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Philippine Independent Church

Philippine Independent Church, religious body that separated from the Roman Catholic Church in 1902 and rejected the spiritual authority of the pope. It is known popularly as the Aglipayan Church, after its founder Gregorio Aglipay. Initially it drew large numbers as a result of nationalist feelings, but later its membership dwindled significantly. Doctrinal disputes and strong factionalism developed. One group allied with American Unitarians and split into various parties. Another, a trinitarian group, moved toward the Episcopal Church, by which their ministers were ordained after 1948 and with which they were formally united in 1961. In 1965 the Philippine Independent Church joined the Old Catholic Union of Utrecht. (See also Old Catholics.)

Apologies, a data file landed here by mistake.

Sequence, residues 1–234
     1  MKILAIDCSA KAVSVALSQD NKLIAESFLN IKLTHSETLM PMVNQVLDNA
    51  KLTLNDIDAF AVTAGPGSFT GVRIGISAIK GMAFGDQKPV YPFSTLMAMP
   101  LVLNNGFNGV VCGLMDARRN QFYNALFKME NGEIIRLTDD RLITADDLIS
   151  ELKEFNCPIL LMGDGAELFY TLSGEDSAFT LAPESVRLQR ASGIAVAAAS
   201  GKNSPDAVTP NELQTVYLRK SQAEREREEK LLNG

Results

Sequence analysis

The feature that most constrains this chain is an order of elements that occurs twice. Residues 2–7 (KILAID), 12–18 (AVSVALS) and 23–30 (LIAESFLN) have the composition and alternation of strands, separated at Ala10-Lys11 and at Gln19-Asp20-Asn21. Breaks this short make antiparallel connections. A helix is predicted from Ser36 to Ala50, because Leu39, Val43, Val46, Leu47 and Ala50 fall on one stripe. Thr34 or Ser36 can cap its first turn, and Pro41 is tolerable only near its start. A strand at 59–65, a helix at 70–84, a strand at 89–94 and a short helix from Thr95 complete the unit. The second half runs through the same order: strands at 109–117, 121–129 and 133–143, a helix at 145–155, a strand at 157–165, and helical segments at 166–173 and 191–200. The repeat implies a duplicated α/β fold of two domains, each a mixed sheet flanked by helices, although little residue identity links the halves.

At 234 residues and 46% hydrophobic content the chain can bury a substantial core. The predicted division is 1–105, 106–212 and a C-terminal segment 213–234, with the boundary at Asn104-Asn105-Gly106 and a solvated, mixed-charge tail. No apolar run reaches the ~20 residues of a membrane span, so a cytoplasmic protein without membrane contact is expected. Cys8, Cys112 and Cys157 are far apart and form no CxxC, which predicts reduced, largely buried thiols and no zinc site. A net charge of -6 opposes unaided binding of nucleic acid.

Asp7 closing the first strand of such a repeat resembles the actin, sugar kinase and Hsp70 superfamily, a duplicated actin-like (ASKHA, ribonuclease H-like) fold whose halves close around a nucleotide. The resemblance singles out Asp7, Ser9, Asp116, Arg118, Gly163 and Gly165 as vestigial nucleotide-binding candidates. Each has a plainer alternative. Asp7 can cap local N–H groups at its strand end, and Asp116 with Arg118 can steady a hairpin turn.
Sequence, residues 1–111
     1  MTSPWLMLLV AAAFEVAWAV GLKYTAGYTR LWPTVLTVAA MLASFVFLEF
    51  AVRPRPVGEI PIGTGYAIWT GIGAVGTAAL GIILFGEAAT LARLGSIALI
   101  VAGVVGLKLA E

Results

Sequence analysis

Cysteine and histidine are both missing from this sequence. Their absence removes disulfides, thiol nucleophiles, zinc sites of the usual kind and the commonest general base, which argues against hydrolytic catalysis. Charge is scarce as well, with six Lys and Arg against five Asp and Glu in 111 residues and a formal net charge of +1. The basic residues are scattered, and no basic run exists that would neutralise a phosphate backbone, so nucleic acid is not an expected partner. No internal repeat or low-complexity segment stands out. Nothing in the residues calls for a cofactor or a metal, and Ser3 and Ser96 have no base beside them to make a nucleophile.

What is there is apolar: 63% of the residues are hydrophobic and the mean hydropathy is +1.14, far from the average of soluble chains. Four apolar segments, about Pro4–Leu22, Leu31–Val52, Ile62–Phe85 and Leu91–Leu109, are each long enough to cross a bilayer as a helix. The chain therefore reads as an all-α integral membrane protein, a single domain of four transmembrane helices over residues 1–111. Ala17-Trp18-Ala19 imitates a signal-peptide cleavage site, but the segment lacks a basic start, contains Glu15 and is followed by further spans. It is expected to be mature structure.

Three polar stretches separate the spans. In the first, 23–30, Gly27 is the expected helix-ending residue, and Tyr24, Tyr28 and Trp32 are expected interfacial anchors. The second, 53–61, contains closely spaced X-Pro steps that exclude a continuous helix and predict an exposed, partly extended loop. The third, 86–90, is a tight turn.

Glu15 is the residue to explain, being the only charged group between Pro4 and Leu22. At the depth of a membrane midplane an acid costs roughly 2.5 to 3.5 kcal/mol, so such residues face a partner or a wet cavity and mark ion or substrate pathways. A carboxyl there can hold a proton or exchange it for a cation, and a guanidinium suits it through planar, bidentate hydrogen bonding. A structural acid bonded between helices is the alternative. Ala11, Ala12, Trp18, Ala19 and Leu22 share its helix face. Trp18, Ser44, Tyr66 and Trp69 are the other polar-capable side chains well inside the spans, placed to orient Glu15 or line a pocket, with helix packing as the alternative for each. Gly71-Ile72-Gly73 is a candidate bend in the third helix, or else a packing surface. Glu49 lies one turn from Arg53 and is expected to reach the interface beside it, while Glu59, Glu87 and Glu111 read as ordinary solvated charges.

See P. S. de Achutegui and M. A. Bernad, Religious Revolution in the Philippines (2 vol., 1960–66).

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Philippine Independent Church

Philippine Independent Church. This stems from Gregorio Aglipay (1860–1940), a Filipino Roman Catholic priest, who first formed the Filipino National Catholic Church after the revolution; this languished for lack of papal recognition, and in 1902, Isabelo de los Reyes proclaimed a new Philippine Independent Church with Aglipay as Supreme Bishop. This soon acquired nearly half the RC population, but after the Supreme Court returned its properties to the RC Church it gradually declined and affiliated with Unitarians in 1931. Since then there has been a remarkable renewal by division between unitarian and conservative groups.

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